The Ristorante Ca' Mea, a kilometre or so south of Badalucco in Liguria, is easily identifiable, thanks to the giant fibre-glass porcini mushroom near the bridge. The restaurant itself is an old mill with two vaulted rooms painted with colourful cherubs serving wine, mushrooms and other delights, and a gazebo/garden room overlooking the Argentina river.

The evening I visit Ca' Mea there is a sagra (local festival) in Badalucco, the nearest town, in honour of stoccafisso, or dried cod. Because of the festival, I expected the restaurant to be busy, but when I arrived, a large christening party was just leaving, and there were plenty of empty tables. Like the Hotel Santo Spirito in Molini, Ca' Mea has no menu. You arrive, are seated, offered still or sparkling water and a bottle of red wine. On the table is the local rye bread and grissini. The dishes come out of the kitchen with the most perfunctory of explanations of what you are about to eat; as you finish one dish, another one is brought. And another, and another...... Only at the meat course, are you asked what you would like (a choice of lamb chops or steak, cooked rare, with mushrooms, fried with garlic or deep fried with a dusting of polenta). There is also a choice of puddings: ice cream or sorbet, fruits of the forest served with sorbet, or tiramisu, served, strangely, in an enamel chamber pot. With your pudding comes Limoncello, or Grappa, served in a receptacle not unlike a Russian samovar or an early Christian reliquary.

In all, I think I counted at least 10 dishes. When I was in Barcelona last April, our friends took us to a hidden away restaurant for a tasting menu of about 30 dishes. It was interesting, but the food was fussy, overdone, too full of veloutes of this and cappucinos of that, the sort of chemistry and kitchen pyrotechnics that Heston Blumenthal favours. To me it was not real food, partly because there wasn't enough of it (each course was a mere mouthful) and I came away still feeling hungry. At Ca' Mea, one felt well-fed, comfortably so, but not stuffed. The food was so interesting, seasonal, bursting with flavour. The sort of food that had me itching to get to the kitchen to try some of the dishes myself. From tomato bruschetta to baked cheese, risotto to frittata, there wasn't a single course at Ca' Mea that I didn't enjoy.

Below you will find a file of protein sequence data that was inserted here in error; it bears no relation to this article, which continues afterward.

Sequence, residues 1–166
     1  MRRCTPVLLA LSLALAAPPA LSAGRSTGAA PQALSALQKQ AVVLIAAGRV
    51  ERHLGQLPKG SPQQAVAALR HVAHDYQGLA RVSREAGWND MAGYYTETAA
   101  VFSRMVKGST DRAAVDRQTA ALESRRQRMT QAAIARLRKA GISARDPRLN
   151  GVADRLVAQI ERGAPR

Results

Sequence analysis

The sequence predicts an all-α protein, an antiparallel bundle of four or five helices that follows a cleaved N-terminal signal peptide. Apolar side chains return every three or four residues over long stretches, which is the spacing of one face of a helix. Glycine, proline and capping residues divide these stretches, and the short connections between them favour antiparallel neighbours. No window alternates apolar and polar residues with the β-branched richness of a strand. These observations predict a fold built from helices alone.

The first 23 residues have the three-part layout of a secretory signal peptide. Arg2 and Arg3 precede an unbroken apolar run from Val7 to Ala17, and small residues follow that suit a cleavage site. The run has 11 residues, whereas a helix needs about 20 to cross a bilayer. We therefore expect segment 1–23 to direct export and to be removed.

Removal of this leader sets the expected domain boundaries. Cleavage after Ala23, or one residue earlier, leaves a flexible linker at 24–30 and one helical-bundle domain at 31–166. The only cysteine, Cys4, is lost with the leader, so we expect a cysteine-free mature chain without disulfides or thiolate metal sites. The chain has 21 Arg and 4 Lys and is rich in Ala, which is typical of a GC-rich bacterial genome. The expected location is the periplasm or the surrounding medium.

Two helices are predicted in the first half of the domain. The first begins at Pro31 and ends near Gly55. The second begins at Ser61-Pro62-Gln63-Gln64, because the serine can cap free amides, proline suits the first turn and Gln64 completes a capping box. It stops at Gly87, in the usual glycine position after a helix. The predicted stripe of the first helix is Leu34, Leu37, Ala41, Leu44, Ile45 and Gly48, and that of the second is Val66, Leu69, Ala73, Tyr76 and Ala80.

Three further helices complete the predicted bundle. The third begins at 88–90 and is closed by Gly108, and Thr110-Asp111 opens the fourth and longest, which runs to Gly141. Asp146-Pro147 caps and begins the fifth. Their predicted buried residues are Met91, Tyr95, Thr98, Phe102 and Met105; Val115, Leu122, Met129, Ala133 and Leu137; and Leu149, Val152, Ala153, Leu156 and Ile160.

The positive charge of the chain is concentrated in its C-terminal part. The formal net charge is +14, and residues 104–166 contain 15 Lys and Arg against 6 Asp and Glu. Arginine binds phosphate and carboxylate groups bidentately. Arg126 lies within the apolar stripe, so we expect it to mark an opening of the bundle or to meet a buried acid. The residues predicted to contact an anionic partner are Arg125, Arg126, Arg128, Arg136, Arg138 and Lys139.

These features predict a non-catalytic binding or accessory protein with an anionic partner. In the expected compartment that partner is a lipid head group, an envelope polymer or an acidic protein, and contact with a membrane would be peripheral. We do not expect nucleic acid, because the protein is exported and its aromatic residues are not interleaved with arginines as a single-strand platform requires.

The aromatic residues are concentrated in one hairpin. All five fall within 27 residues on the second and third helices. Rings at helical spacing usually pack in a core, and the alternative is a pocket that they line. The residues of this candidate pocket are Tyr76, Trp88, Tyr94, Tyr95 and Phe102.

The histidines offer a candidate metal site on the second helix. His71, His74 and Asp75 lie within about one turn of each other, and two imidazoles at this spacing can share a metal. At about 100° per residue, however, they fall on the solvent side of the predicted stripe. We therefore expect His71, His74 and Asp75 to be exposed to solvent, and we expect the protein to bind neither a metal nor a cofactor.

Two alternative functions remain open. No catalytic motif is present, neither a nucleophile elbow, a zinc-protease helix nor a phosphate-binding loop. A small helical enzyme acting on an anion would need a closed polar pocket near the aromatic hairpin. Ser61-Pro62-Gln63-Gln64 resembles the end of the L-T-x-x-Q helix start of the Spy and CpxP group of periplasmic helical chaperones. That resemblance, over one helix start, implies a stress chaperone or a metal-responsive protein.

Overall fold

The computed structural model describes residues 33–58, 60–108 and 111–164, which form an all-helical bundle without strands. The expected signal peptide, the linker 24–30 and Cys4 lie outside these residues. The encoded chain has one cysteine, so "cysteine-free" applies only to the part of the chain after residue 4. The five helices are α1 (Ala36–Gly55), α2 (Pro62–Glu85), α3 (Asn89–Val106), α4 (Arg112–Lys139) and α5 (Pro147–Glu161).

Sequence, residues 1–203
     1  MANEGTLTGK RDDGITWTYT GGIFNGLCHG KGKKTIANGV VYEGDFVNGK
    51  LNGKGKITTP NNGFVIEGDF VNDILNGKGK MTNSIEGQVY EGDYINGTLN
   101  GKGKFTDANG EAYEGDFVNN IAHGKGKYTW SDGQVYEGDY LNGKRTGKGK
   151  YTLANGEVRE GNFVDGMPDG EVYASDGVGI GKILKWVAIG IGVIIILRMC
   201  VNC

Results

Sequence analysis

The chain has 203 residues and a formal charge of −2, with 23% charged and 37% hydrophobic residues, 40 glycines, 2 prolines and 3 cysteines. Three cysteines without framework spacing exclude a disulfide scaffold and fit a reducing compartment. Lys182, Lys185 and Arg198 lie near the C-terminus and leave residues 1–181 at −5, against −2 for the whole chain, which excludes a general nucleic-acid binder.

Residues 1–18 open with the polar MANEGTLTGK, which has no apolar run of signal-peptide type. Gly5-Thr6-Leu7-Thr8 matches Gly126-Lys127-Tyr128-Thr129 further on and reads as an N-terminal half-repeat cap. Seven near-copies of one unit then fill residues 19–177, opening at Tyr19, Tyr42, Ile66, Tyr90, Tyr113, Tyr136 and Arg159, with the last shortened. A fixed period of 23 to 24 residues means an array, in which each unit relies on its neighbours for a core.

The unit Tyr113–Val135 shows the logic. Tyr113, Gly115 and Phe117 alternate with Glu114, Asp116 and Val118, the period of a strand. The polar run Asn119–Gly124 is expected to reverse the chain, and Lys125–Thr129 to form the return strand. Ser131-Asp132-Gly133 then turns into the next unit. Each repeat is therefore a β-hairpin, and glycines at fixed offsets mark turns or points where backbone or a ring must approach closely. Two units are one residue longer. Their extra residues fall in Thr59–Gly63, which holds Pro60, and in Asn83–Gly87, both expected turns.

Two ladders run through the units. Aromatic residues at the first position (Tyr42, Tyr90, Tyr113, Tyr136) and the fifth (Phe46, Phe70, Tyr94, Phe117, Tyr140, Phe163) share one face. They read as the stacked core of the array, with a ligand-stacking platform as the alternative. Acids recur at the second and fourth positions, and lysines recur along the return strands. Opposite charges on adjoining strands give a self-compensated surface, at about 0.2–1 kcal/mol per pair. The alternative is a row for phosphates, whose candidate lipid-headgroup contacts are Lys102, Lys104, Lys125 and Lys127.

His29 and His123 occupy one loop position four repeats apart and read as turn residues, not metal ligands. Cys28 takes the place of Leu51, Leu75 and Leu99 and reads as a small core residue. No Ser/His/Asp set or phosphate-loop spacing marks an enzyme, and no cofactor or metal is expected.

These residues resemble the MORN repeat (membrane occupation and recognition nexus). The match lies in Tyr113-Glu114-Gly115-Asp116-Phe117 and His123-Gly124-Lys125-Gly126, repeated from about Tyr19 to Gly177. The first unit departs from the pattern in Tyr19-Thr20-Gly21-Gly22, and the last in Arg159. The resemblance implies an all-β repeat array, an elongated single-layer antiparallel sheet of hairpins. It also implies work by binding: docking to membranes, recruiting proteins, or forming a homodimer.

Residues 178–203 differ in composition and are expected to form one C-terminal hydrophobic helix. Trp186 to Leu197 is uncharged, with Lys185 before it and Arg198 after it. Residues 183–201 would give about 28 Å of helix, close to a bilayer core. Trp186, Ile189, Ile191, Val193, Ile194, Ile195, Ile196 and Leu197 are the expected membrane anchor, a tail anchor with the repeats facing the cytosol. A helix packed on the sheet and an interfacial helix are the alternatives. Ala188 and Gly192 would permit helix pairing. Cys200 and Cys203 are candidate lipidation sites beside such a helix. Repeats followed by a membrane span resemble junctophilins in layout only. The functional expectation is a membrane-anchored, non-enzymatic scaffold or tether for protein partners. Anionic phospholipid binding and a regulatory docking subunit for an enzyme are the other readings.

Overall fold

Porcini mushrooms marinaded in oil and raw beef

What I ate at Ca' Mea:

Mushrooms & carpaccio of beef
Tomato bruschetta
Ricotta with onion
Omelette with mushrooms
Baked cheese
Mushrooms baked with sliced potatoes and cream
Mushroom tagliatelle
Mushroom risotto
Lamb chops grilled
Mushrooms with garlic
Ice cream served in a pisspot


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